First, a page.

Connor> Oakley x NFL 'See The Difference' - As an avid NFL fan and after years of working with Oakley, everything came full circle when I got the opportunity to create this spot with one of my best friends and favorite director, Leigh Powis. Leigh’s vision required VFX outside of my past experiences and challenged me to learn and find solutions to bring together this piece on an expedited timeline. This campaign helped to take me up another step in my career.


LBB> And in terms of recent work, which projects have you found to be particularly exciting or have presented particularly interesting production challenges?

Connor> Covid has of course brought a handful of new challenges, but it also accelerated some of the innovation and exploration we were already doing. We’ve continued to invest in people and tools, and around more capabilities like animation and CGI. For us, Covid was not a time to pull back but to accelerate and expand, to be responsive to the needs of our clients and to the big picture of our evolving business. The work that we’re producing as a result is innovative and looks different than anything that came before. For example, we have found ourselves blending live action production and VFX in new ways for Riot Games' League of Legends World Championships. The results are visually astonishing and rival anything we would’ve produced without Covid restrictions.


LBB> Producers always have the best stories. What’s the hairiest / most insane situation you’ve found yourself in and how did you work your way out of it?

Connor> We were working on a commercial for a shower head product. While in post, it was discovered there were no captures of the hero shot of the product in action. We ended up creating a liquid CGI simulation to imitate a live-action shot within 48 hours for a deadline. A seemingly impossible task was accomplished by a team of multiple artists working around the clock from different locations; a true testament to how far we’ve come with remote capabilities.


LBB> What are your personal ambitions or aspirations as a producer?

Connor> I love creating work that leaves viewers asking “how did they do that?”. As technology and creativity continues to evolve and advance, I look forward to making more of those moments, and giving brands really unexpected ways to solve their needs. I also really want to use my experience and insight to inspire and influence the next generation of creatives to think differently and solve differently. We look for opportunities to do that at Lockt today, and for the future.


LBB> As a producer your brain must have a never-ending 'to do' list. How do you switch off? What do you do to relax?

Connor> It's a journey for sure, but I have found it really helps to start my day two hours before my work schedule 'starts' to read a book - that I actually want to read. I also block one hour a day, ideally in the middle of my day for a bike ride or personal workout, without the distractions of constant notifications. It’s imperative to give yourself time to ‘check-out so you can be fully ‘checked-in’ when it matters. Producers are used to multi-tasking but that means you’re likely doing a lot of things at a fraction of your best output rather than focusing on one task at a time with 100% focus.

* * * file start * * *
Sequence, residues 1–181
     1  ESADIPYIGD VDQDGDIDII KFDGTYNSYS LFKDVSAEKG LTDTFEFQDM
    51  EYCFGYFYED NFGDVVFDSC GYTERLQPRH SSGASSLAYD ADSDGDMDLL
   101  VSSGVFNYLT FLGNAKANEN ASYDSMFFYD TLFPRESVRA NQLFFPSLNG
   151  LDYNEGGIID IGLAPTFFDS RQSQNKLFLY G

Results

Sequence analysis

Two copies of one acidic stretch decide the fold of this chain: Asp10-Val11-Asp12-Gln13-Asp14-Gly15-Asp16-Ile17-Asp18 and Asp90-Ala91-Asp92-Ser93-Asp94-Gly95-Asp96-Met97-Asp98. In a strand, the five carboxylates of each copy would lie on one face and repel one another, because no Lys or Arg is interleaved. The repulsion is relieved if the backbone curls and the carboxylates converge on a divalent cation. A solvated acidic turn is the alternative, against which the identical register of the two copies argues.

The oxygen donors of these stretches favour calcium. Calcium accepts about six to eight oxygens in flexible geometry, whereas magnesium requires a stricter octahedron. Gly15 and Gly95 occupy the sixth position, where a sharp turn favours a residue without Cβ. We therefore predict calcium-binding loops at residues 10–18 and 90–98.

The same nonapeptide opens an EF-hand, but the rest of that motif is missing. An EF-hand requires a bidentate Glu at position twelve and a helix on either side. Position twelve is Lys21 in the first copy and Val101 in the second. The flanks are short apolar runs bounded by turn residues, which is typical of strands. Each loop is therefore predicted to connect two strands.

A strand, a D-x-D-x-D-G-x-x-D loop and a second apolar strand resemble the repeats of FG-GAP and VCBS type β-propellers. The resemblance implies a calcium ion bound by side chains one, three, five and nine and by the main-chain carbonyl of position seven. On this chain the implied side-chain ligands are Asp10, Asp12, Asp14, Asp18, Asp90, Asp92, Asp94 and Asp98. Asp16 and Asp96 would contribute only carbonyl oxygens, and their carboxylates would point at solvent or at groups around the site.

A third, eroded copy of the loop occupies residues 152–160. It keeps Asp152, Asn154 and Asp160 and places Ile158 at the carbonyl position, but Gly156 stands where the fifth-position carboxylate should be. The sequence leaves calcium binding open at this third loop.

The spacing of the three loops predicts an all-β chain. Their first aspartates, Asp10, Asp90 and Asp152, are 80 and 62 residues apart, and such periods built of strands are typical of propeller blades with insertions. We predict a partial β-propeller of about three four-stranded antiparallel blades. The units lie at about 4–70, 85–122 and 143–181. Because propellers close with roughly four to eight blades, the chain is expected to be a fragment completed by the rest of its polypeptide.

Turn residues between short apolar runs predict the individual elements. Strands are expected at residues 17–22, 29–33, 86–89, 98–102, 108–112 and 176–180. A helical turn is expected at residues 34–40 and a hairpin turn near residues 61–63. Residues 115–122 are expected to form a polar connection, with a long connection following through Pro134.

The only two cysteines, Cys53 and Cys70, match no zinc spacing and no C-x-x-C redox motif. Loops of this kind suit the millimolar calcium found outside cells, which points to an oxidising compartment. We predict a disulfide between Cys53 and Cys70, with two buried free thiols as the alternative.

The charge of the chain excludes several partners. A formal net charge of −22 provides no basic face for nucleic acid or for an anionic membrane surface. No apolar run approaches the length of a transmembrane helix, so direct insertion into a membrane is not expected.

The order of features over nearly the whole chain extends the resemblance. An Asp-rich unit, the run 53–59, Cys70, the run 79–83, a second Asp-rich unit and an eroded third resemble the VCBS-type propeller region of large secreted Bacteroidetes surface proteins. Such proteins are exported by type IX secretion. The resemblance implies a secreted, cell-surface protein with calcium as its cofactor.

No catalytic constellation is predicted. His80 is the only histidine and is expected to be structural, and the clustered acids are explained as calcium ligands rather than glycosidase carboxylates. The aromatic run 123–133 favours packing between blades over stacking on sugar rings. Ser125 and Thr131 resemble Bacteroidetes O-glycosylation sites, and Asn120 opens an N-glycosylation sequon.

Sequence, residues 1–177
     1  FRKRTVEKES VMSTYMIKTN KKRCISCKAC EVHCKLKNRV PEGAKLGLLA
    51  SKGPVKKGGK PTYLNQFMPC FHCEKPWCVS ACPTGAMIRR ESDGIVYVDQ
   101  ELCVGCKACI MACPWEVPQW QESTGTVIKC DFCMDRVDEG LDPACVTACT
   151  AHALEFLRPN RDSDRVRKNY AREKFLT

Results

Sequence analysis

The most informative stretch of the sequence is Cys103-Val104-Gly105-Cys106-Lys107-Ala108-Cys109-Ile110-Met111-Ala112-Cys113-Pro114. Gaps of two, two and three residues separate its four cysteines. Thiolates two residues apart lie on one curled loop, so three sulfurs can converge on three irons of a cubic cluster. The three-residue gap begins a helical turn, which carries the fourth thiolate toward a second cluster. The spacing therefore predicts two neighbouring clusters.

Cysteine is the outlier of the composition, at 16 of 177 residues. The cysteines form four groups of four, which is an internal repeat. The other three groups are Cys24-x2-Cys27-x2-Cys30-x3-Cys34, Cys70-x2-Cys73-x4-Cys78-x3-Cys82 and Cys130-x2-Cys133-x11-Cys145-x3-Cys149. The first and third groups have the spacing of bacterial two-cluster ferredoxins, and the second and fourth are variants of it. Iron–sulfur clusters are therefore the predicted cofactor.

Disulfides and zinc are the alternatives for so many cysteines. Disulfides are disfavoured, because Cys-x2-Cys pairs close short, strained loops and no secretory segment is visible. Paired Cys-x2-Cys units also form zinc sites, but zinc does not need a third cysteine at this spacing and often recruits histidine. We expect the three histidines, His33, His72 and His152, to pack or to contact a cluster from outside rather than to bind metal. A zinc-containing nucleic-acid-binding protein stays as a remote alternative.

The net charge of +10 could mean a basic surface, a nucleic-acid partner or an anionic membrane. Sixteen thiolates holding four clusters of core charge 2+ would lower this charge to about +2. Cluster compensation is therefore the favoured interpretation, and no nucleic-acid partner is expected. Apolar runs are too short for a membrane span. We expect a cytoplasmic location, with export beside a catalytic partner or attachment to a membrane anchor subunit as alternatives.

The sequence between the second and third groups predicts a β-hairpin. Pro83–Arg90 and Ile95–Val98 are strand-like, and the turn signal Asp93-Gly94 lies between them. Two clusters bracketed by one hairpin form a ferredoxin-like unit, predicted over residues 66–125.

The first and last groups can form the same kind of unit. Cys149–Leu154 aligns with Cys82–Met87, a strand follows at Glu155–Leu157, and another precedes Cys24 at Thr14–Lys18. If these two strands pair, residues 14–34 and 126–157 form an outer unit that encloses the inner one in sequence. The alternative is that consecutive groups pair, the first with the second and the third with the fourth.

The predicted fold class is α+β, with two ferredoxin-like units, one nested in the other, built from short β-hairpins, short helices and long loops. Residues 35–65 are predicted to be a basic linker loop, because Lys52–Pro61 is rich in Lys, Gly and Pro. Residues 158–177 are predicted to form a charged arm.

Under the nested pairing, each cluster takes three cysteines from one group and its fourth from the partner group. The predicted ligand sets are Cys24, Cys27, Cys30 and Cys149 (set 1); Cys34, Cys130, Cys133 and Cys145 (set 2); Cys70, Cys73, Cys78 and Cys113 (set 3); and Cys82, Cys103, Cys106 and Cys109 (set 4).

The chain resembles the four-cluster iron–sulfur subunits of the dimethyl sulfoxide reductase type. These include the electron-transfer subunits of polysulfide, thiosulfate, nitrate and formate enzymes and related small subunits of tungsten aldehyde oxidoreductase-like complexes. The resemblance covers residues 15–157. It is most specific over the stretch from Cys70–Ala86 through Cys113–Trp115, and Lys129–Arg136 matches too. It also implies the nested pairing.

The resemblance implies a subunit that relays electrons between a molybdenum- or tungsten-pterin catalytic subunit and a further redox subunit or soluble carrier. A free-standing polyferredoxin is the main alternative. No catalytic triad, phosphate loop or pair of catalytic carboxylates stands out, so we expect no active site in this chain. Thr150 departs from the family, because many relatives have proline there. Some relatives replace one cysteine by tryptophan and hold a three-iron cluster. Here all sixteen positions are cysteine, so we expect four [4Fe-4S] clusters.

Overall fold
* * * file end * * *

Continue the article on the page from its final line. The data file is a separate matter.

LBB> Producers are problem solvers. What personally fuels your curiosity and drive?

Connor> Being able to do what others cannot and proving it’s possible. There have been many times that we have been given a challenge, that someone else said it was not possible. I’ve even been sure it was not possible, but thinking creatively, talking with others that think similarly and collaborating has really inspired me, and helped Lockt come up with innovative techniques that I even would not have, if left to just solve it. I’ve learned not to doubt myself, and take more chances. Hey, failing can sometimes lead to even better lessons than not. 


LBB> What advice would you give to people who are interested in becoming a producer?

Connor> Fail hard but not often. Take in your mistakes, understand where things went wrong and how you’d tell someone (ah-hem yourself) what was learned from those mistakes. Share this. I think this is a huge opportunity that is often overlooked. Talk about what stumbles you had, and what you learned. Share that with your team, your peers, even your boss what you discovered - and ask them to do the same. One thing I am a proponent of - and is necessary as a producer - is to work smarter, not harder. I try to remind myself of this on the regular.


LBB> From your experience what are the ingredients for a successful production?

Connor> Intention, collaboration, transparency and a sense of humour. 


LBB> What’s the key to a successful production-client relationship?

Connor> Cooperation and empathy. We’re all human and while the customer may always be right, having a relationship with your client can go a long way in understanding each other and the goals you are both trying to achieve. Cliche or not, teamwork makes the dream work.


LBB> One specifically for EPs: Producers are naturally hands on - they have to be. How do you balance that in the more managerial role of an EP?

Connor> Empower your team to take chances and make decisions for themselves. Provide support as needed but allow your team to fail and correct their own mistakes. Also, as I said before, encourage them to share that insight with you and each other. As a leader I have to keep learning this, to let it happen and celebrate those lessons (which can be a challenge in itself). I’m a big proponent of teaching something once and letting my team take it from there. Delegation is a must. 

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Stept Studios, Fri, 16 Apr 2021 12:47:40 GMT